Be careful, or you could be on the next bus to Kalamazoo.
It just sounds right, doesn’t it?
President of hockey operations Trevor Linden announced on Wednesday that the Canucks have entered into a one-year ECHL affiliate agreement with the Kalamazoo Wings.
“We are pleased to announce a new partnership with the Kalamazoo Wings,” Linden said. “Aligned with our AHL affiliation in Utica, this relationship benefits the growth and development of our players. We look forward to renewing our connection with Kalamazoo again.”
This is the third time that the Canucks have partnered with Kalamazoo. They were linked from 1984 to 1987, and most recently from 2011 to 2015.
Vancouver was previously affiliated with the Alaska Aces, who played home games in Anchorage, last season.
Travel demands were likely one of the reasons for the Canucks changing ECHL partners. The Aces had the most ridiculous travel schedule of any team in North America, given their closest rival was in Boise, Idaho.
Closest team to Alaska in the ECHL is team from Boise, Idaho. That's a 5-hour flight! pic.twitter.com/dDb7h1qUaP
— Rob Williams (@RobTheHockeyGuy) November 17, 2016
Even a flight from Anchorage to Vancouver – three hours and 20 minutes according to Google Maps – is no walk in the park.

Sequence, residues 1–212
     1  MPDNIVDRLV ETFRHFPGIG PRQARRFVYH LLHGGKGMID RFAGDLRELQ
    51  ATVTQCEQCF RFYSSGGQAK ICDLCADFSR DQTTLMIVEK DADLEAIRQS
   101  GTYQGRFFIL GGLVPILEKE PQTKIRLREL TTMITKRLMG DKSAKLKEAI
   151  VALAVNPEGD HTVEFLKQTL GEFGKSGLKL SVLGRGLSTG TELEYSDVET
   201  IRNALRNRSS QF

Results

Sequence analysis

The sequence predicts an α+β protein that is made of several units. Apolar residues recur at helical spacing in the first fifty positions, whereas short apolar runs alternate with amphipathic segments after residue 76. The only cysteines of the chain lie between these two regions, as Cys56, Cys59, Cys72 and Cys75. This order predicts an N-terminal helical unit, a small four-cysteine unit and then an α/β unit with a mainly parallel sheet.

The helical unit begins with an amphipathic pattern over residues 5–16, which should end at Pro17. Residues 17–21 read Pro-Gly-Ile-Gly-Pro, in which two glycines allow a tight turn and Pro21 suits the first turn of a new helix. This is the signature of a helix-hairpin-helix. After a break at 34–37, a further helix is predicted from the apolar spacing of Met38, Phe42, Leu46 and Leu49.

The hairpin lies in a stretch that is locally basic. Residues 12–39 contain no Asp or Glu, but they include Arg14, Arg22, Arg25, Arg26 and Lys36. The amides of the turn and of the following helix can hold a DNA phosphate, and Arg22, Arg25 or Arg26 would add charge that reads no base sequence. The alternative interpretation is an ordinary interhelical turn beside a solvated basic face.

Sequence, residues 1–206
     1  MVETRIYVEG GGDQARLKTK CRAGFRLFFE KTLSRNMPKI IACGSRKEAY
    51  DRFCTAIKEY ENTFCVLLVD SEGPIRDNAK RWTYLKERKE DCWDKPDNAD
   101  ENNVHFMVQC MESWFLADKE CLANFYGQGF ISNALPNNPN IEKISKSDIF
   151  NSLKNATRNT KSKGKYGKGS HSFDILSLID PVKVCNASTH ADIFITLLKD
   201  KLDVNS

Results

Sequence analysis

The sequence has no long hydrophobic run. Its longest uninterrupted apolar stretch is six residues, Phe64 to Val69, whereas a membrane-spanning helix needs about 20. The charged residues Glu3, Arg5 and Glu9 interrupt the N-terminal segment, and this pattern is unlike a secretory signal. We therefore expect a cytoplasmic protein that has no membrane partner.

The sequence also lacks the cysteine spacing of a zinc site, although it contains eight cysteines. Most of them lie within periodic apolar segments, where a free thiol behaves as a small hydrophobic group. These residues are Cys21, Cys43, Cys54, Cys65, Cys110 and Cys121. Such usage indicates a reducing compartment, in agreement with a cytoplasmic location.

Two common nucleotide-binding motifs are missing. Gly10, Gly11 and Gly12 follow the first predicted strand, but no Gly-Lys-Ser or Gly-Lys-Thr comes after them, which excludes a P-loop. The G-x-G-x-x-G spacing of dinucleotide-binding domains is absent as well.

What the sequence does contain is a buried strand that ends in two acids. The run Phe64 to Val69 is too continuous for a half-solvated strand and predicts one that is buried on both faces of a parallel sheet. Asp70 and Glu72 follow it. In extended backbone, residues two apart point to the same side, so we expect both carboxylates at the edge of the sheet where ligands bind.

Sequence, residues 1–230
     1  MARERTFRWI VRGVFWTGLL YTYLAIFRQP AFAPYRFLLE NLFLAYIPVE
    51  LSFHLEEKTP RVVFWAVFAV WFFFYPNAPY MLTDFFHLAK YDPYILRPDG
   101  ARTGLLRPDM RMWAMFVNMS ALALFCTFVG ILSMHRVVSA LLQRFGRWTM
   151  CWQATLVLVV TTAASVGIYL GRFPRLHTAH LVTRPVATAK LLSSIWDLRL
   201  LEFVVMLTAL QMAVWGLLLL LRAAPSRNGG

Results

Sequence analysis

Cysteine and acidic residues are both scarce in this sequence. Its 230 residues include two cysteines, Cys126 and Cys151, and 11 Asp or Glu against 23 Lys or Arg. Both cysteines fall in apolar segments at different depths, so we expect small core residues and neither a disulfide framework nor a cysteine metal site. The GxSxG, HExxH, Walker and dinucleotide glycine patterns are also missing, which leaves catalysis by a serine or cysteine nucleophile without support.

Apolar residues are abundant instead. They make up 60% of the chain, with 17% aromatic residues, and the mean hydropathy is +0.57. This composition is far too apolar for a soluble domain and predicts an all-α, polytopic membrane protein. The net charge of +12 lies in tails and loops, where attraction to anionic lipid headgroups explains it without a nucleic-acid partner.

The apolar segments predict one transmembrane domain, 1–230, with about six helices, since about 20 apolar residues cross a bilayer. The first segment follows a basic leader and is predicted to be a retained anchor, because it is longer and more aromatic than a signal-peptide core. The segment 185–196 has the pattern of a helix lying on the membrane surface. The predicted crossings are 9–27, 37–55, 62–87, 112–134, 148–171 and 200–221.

Travel times are important for an organization, not only because of wear and tear on their athletes, but also for calling up players on short notice. The Canucks call up players from the AHL, but also can call up ECHL players if AHL players are unavailable. It’s the reason why goaltender Michael Garteig was called up from the Aces to back up Jacob Markstrom last November.
The Canucks were also forced to bring in a goaltender from UBC last year because their AHL and ECHL goaltenders couldn’t make it to Vancouver in time.
Kalamazoo, located in southwestern Michigan, is much closer to other teams in the ECHL. It’s only a nine-hour drive to Utica, New York where the Canucks’ AHL affiliate is situated, so this will help the Comets too. It’s also just a two-and-a-half-hour drive to Chicago, enabling direct flights across North America, including a four-hour flight to Vancouver.
“We’re thrilled to be working with the Vancouver Canucks and Utica Comets organization once again,” said Nick Bootland, head coach and director of hockey operations, Kalamazoo Wings. “There’s a solid foundation in place already with the clubs, and the future is certainly bright. We’re very excited to get to work with some of their talented prospects and help them develop on their way to successful AHL and NHL careers.”
“On behalf of the entire Comets staff, I can say we’re very enthusiastic to continue to build our relationship with the Kalamazoo Wings,” said Comets president Robert Esche. “It has been a pleasure to work with head coach Nick Bootland in the past and we will continue to work together to build a cohesive path from the ECHL to the AHL and to the NHL in Vancouver.”